The Big Apple’s first post-rawk revival NYhilism is upon us. Or something like that. When bassist Kenan Gündüz closes out a set by singing Sparks’ 1980 anthemic holdover “Rock ‘n’ Roll People in a Disco World,” you can’t help but feel a real connection, like the wild spirit of rock has been articulated. All those stretchy blues riffs, spasmodic vocals, and bratty snarls belong to the Witnesses, a Brooklyn-based cross-tread of the Rolling Stones, the Stooges, and Steppenwolf. But don’t tell them that. The Witnesses hate the term “retro,” and they want little to do with the so-called rock revival going on in New York.
“Contrary to popular belief, there were rock bands in New York City before the whole renaissance,” says primary singer Oakley Munson, ex-Rondelles drummer-keyboardist. “A lot of bands are trying to be rock, some bands are trying not to be rock—and we ain’t trying to do shit. You hear things like ‘We want people to know that we’re the next Clash.’ All I want people to know about the Witnesses is that we think all that’s a bunch of rubbish.” It’s statements like these that have some calling the Witnesses the next Clash.
On any given night, at least one, and often all five, of the members of the Witnesses can be found barside at local tavern Daddy’s in Williamsburg, mixing it up with the neighborhood patrons. You’d know them if you saw them. The 24-year-old Munson has an unmistakable mushroom cloud of brown hair like Noel Redding in a thunderstorm, wears a Sergeant Pepper coat with epaulets and a stylish ascot, and has boyish ruby red cheeks. His bandmates are not hard to spot after that; they’re the striking collection of fashion works beside him. They’ve been roommates in nearby Bushwick since 2001, and their camaraderie is obvious.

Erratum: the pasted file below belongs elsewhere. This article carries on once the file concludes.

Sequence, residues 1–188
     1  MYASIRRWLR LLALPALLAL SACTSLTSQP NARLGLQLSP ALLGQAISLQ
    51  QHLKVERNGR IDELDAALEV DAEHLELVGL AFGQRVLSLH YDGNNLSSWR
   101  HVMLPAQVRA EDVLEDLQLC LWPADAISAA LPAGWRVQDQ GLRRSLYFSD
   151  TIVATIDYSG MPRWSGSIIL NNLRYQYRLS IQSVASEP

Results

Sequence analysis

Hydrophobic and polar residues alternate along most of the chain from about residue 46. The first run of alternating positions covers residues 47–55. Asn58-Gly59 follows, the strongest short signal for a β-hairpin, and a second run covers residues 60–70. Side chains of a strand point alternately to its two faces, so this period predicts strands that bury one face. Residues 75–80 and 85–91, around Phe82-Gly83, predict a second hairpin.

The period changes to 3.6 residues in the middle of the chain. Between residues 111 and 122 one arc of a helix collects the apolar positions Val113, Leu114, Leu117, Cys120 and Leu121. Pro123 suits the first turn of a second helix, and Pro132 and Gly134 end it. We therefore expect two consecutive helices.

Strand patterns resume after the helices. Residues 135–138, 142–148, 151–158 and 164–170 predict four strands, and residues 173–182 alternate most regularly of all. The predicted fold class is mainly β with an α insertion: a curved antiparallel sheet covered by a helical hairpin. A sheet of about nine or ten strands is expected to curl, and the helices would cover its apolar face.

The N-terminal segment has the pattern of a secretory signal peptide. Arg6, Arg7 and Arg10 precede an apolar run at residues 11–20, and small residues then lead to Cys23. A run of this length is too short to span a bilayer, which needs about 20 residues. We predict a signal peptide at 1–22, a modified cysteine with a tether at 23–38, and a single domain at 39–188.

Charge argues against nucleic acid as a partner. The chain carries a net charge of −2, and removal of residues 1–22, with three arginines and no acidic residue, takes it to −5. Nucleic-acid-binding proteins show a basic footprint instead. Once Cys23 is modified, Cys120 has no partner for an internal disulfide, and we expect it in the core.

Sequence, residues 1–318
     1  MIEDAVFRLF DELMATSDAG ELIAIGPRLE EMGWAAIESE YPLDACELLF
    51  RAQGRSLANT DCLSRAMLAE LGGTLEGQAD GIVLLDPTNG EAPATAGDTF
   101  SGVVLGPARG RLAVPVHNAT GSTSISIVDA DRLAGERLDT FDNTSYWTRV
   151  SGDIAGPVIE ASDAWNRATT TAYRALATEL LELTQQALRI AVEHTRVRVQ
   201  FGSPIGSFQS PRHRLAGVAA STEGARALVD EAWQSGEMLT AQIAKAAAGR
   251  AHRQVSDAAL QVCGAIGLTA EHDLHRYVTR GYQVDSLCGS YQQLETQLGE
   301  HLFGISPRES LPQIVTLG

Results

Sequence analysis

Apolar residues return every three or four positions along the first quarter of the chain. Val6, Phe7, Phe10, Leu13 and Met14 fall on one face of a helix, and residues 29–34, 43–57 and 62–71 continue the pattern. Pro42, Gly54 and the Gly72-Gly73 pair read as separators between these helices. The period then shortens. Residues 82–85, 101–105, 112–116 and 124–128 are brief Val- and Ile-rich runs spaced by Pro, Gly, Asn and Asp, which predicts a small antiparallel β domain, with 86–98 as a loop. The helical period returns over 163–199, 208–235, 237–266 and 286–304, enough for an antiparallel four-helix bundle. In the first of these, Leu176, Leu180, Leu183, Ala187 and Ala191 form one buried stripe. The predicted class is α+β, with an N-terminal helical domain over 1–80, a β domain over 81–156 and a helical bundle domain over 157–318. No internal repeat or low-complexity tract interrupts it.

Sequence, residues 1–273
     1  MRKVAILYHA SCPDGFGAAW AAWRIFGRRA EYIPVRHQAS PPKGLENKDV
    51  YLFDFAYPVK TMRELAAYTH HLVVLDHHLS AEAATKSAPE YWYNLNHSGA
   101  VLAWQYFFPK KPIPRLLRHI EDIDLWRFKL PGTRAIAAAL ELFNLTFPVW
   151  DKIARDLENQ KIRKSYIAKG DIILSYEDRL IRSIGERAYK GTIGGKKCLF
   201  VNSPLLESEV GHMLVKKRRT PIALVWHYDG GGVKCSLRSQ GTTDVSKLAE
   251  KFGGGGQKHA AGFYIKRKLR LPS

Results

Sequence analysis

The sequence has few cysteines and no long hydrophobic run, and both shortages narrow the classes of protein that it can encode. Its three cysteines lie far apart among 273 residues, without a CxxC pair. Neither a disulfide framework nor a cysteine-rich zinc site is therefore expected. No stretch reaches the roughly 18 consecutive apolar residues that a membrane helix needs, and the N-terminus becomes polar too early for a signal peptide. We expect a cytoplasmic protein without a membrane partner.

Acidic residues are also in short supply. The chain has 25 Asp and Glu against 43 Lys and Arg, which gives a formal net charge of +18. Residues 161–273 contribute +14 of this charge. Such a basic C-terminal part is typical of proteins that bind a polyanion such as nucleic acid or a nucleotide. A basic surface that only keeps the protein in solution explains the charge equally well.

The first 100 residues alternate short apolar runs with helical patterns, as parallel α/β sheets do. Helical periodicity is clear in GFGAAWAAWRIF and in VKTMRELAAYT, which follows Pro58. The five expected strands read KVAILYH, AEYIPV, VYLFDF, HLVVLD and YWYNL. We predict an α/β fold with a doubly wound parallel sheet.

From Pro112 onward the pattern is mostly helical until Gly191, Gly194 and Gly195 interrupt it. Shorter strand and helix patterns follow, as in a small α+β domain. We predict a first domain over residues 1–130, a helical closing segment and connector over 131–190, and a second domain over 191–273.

And for that the Witnesses have become a consummate New York band, from selling out their first ever show “at a dump in Manhattan called the Luna Lounge” to performing with the Yeah Yeah Yeahs, the Donnas, and the Star Spangles, all of whom love Witness rock. Onstage, it’s Munson’s sleazy high-pitched pipes that get the most work, but keyboard cutie Bonnie Bloomgarden—when stepping away from her chin-high Vox Jaguar—displays a tremendous set of lungs for such a little thing (she’s five-foot-nothing) on the tantrum-like original “Black Eye.” She belts out the Ike and Tina classic “Fed Up” with equal tenacity. Whoever the singer is, guitarist Darian Zahedi’s backup vocals and trashy-sounding guitar licks masterfully accentuate the loud choruses.
The organic chemistry that makes the Witnesses stand out live doesn’t slacken on their eponymous three-song EP, which features an emblazoned recording of the crowd favorite “Stop Pretending.” For their homecoming show at Northsix following a mini-tour of the South, we’re likely to hear all the songs from their pending full-length album; while at Manitoba’s every Monday in April the Witnesses promise Manhattan a steady blend of covers and originals.